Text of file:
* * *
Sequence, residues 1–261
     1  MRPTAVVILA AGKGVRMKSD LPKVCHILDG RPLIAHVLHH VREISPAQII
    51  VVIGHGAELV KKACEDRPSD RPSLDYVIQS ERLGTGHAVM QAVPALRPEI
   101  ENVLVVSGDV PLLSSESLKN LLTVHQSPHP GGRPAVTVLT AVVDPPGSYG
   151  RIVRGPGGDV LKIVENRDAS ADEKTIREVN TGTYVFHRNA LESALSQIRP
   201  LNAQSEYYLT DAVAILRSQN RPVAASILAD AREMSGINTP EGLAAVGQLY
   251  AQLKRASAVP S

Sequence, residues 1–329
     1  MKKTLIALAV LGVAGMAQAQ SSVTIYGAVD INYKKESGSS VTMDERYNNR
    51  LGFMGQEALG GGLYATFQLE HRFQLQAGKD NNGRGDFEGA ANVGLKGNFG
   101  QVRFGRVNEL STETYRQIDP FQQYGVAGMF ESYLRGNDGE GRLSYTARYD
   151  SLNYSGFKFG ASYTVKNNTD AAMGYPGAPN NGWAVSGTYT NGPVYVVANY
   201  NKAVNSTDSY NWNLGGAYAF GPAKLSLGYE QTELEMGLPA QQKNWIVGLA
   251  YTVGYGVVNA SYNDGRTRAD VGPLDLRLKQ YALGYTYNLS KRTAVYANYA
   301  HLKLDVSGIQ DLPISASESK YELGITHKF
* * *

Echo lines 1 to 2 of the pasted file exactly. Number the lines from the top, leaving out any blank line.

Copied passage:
Sequence, residues 1–261
     1  MRPTAVVILA AGKGVRMKSD LPKVCHILDG RPLIAHVLHH VREISPAQII